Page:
How To Collect Seeds-Green Onions!

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I love green onions! I toss them in almost everything; soups, salads, and even in my sandwiches. I love them fresh, and sautéed in any oil or butter, and grilled!

You’ve seen how I propagate them in my window sill here…but I also grow them in my garden. I collect the seeds so that I can do it all over again…why? Because I love green onions!

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You can re-grow green onions this way…Cut off most of the green tops and plant the white part and roots (of course) in good soil. In a few days you will see it start to grow. What “green” you see here is about 2-3 days of growth. They grow fast. They love a sunny window sill and gentle watering.

If you’ve ever grown green onions and let them bolt, then you already know the flowers are so pretty! Another plus is the bees like them too! So I always let a good amount of my green onions bloom to show some love to the bees! They work so hard and this is the least I can do for them!

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Flowers + Bees—Bees + Flowers! The wonders in nature never cease to amaze me. I am humbled each time I step outside to see the beauty of it all.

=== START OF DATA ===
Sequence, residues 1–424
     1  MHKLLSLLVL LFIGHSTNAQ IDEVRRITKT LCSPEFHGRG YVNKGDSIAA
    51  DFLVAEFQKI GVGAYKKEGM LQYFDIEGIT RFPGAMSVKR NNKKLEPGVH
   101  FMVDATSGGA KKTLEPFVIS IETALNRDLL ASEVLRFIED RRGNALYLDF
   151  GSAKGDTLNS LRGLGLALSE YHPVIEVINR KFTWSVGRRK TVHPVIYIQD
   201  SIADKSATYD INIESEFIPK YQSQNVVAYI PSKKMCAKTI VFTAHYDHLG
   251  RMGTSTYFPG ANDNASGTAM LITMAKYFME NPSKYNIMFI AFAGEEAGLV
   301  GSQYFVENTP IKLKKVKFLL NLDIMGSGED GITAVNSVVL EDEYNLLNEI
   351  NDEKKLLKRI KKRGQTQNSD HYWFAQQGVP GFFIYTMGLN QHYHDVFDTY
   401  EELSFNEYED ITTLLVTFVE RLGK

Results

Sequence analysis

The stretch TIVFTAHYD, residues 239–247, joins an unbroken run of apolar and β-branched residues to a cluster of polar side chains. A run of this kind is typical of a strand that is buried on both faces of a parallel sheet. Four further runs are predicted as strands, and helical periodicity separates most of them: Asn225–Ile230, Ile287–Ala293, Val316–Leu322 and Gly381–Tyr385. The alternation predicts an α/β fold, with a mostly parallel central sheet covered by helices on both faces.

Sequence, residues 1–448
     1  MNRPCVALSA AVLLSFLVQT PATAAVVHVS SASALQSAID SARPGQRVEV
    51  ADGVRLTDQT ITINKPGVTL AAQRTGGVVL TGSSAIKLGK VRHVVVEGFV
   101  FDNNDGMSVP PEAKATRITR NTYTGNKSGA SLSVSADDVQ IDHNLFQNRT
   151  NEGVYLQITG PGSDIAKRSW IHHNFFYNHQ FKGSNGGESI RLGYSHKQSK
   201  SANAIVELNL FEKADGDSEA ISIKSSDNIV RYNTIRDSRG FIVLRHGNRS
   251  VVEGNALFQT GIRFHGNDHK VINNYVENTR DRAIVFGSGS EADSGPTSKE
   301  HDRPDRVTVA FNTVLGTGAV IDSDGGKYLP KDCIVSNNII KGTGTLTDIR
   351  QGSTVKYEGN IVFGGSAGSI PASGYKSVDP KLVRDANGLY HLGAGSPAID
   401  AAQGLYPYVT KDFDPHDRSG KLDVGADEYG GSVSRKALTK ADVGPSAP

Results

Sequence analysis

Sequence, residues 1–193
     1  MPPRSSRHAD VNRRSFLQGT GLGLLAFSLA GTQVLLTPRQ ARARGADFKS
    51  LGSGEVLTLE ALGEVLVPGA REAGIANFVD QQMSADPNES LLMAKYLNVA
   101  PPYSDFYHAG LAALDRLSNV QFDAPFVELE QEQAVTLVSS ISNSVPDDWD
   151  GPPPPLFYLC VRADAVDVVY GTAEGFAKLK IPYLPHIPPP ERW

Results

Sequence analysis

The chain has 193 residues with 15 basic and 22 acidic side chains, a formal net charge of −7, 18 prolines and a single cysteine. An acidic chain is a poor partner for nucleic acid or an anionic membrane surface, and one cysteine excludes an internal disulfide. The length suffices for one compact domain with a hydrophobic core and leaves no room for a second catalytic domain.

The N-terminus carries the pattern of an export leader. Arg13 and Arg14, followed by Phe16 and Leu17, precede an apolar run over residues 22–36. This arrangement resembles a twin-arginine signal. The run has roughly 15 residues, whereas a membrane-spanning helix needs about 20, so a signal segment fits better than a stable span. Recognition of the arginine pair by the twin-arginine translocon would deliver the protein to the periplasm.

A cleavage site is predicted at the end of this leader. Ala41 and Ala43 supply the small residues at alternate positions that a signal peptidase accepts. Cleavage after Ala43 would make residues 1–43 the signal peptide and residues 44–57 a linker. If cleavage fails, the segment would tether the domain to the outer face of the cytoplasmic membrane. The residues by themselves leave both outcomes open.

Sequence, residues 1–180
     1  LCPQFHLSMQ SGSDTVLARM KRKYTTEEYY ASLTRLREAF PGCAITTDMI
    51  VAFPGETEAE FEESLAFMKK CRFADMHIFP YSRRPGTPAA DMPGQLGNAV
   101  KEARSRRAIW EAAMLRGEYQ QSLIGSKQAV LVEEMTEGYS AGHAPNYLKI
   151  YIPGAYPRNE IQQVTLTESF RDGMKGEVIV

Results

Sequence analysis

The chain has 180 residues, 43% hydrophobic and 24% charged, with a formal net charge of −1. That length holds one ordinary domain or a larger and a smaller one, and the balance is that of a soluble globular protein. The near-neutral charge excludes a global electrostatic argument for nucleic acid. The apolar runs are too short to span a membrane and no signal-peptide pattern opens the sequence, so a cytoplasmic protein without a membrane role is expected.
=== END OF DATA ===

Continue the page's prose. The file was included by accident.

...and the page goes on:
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Mint in the background. I love to brush my hand along the mint. Such a refreshing fragrance! Inhale deeply and smile. Give it a try!

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Half of this garden bed I’ve allowed to “bolt” (a fancy way of saying letting the plant “flower” so you can harvest the seeds off it). After the green onion flowers, I leave the flowers on the plant to dry. It is in each little blossom where the onion seeds are found. How cool is mother nature?!

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After the blossoms dry, I will either store the “whole” head or take them apart like you see here. Just make sure the blossoms are totally dry so you don’t get any mold growth.